Tuesday, November 13, 2012 |
Saskatchewan author Candace Savage has won the $60,000 Hilary Weston Writers' Trust Prize for Nonfiction for her book A Geography of Blood, an exploration of the natural and anthropological history of the Cypress Hills. Savage, who is descended from Canada's early pioneer families, spent a decade researching the area's past, with particular attention to what happened to the indigenous peoples and the eco-system. She chatted with CBC Books after winning the prestigious prize in Toronto on Monday, November 12.
So, how does it feel to win this award?
You might have to ask me in two or three days when I believe it's really happened. It's pretty amazing.
You mentioned onstage that all the shortlisted authors this year were exceptional (Modris Eksteins for Solar Dance, Kamal Al-Soylalee for Intolerable, J.J. Lee for The Measure of a Man, Taras Grescoe for Straphanger). But what do you think the jury saw in your book?
There were five jurors and I have no insight at all into their conversations. Someone told me that Barbara Amiel Black has written a column that she's posted online in which she said that my book made her cry, that she had expected not to be interested -- I mean, why would you be interested in this back of beyond Cactus Hills out there in Saskatchewan -- but the story that's at the heart of the book is very powerful. It is very moving, and it's our story. It's the story of our relationship as Canadians with the land, especially in the West, and with the people who have been living on this continent for hundreds and thousands of years.
Much of your book is about the glorification of pioneer mythology. You mention that you hope there will be a "new version" of pioneer mythology. What would you hope that new version includes or looks like?
My parents both grew up on homesteads that had been farms that had been created by their parents and their parents' parents. So I grew up feeling like I was one of these great pioneers myself. But of course, that story starts pretty late in the process. It doesn't take into account the ecological catastrophe of the destruction of the buffalo eco-system. It doesn't take into account the displacement of the people who were already there by fair means or foul - often foul. So that has to be part of the way people like me tell the story of how we got to be here.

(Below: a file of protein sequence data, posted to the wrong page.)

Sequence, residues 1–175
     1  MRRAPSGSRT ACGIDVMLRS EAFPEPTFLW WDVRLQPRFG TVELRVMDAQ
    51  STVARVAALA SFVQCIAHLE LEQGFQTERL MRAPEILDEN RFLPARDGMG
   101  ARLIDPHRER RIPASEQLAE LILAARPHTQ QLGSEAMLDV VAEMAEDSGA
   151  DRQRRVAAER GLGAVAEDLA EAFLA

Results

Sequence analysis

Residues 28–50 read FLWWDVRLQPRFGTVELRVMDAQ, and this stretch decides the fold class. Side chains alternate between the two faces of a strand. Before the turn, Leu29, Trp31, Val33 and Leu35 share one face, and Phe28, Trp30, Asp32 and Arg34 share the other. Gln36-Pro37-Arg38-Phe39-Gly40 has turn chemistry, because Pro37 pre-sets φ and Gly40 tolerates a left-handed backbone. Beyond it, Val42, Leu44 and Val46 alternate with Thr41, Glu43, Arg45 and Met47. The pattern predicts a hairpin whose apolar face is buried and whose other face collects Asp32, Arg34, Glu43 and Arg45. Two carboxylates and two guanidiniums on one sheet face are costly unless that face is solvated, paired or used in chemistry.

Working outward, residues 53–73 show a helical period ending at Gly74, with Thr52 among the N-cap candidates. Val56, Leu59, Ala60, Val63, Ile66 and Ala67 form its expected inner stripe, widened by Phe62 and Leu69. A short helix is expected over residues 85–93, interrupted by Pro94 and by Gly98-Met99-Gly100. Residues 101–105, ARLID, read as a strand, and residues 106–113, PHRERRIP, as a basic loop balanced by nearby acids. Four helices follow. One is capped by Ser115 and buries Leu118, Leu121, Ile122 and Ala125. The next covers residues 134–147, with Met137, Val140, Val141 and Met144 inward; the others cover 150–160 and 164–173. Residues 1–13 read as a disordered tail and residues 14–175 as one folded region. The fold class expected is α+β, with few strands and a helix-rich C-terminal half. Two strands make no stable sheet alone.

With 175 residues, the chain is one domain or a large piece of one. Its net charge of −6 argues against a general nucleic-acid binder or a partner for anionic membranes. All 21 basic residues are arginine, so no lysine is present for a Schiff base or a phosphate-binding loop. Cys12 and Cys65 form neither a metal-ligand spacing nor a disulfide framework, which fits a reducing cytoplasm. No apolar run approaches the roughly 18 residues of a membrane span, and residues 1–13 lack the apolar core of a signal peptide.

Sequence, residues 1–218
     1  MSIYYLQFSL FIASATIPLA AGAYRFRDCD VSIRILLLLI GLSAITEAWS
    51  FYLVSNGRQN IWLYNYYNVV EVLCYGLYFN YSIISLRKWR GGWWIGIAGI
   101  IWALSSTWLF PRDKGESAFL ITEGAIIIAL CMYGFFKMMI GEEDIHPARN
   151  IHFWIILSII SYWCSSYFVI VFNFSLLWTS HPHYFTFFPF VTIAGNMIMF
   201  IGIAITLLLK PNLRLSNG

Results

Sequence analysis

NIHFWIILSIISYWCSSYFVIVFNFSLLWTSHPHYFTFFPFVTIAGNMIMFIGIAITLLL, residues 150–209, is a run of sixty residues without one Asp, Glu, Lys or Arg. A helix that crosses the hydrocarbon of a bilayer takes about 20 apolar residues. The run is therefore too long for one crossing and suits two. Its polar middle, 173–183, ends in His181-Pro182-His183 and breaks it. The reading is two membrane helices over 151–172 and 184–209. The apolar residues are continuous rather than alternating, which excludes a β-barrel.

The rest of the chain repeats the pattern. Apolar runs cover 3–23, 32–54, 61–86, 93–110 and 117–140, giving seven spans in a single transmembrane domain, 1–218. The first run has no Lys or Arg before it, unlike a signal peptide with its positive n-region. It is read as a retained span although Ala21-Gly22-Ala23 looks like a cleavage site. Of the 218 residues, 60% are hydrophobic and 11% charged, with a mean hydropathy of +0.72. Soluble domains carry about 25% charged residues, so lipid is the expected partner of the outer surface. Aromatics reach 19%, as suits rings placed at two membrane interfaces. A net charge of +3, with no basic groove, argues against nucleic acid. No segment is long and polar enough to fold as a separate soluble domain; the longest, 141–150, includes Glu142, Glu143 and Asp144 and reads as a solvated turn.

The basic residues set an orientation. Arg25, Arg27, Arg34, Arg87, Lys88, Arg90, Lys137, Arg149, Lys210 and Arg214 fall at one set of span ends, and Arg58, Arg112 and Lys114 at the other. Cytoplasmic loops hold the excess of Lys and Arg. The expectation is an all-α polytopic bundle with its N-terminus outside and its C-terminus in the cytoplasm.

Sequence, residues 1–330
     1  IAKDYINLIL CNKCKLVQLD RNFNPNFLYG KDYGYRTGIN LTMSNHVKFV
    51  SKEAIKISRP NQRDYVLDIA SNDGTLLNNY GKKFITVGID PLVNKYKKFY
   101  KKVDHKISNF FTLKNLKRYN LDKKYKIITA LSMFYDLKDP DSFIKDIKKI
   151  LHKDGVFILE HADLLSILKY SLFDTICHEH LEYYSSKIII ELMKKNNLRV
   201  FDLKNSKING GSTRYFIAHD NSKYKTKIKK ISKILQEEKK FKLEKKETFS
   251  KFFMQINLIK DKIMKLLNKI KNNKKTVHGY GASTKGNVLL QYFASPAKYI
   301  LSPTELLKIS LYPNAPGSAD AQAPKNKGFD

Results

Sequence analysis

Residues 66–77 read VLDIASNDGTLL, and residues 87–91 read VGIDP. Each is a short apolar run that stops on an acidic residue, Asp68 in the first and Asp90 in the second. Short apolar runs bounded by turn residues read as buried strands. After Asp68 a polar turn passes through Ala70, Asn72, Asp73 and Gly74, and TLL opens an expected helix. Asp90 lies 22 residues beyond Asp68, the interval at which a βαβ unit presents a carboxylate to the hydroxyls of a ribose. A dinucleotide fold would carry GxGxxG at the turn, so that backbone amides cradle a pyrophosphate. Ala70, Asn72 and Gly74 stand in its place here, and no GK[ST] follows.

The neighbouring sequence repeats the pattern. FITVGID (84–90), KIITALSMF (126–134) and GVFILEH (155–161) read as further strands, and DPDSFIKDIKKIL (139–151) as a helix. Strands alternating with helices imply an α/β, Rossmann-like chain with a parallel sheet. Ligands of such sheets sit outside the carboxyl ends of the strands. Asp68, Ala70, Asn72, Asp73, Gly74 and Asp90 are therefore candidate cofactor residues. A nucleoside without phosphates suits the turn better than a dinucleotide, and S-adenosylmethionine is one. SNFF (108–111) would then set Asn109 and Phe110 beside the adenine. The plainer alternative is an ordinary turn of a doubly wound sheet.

You've written many books before but this is the first time you've really inserted yourself as a character in the story -- what was that experience like for you?
It was really fun. I've written a lot in what I've come to think of as "close third person," so instead of being there as a character, I'm the eyes for the reader. And that's really quite hard to have a lot of energy. In this book, I've used the first person narrator really as a device. I thought that the story that lies at the heart of the book is a painful story, and it's a story we've put a lot of energy into not knowing, and I thought it's going to take all the charm I can muster to make the unbearable bearable. And I thought that the reader would need company. And also, it's the story of the relationship between incoming people like my ancestors and indigenous people. So I'm telling stories that belong to both cultures, and I had to be there with all my limitations.
The late influential Western historian and writer Wallace Stegner is a prominent character in your book. He lived in Eastend, Sask., and you've stayed at his family home (which is now an artists retreat). You even have a fictional interview with him in which you bring up some of your concerns about his take on the history of settlement. What's your relationship with him like now?
Poor Wallace Stegner. I used him as a very accomplished stand-in for a whole generation telling the story of the settlement of the Prairies. And yeah, I gave him some pretty sharp pokes. But he was constantly himself, trying to tell that story better. And he also said that he was going to haunt the Stegner house in Saskatchewan, so I have a feeling he was there making my hand move across the page.